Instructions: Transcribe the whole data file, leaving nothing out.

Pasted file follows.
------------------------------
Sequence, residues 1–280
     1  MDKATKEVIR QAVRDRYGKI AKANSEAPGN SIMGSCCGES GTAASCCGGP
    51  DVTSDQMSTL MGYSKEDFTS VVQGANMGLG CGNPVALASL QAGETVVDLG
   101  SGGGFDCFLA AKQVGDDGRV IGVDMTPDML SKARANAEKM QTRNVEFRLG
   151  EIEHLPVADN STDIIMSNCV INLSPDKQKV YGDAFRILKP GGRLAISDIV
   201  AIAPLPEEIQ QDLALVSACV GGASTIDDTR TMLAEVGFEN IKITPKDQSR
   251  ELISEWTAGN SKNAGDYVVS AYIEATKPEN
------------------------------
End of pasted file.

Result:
Sequence, residues 1–280
     1  MDKATKEVIR QAVRDRYGKI AKANSEAPGN SIMGSCCGES GTAASCCGGP
    51  DVTSDQMSTL MGYSKEDFTS VVQGANMGLG CGNPVALASL QAGETVVDLG
   101  SGGGFDCFLA AKQVGDDGRV IGVDMTPDML SKARANAEKM QTRNVEFRLG
   151  EIEHLPVADN STDIIMSNCV INLSPDKQKV YGDAFRILKP GGRLAISDIV
   201  AIAPLPEEIQ QDLALVSACV GGASTIDDTR TMLAEVGFEN IKITPKDQSR
   251  ELISEWTAGN SKNAGDYVVS AYIEATKPEN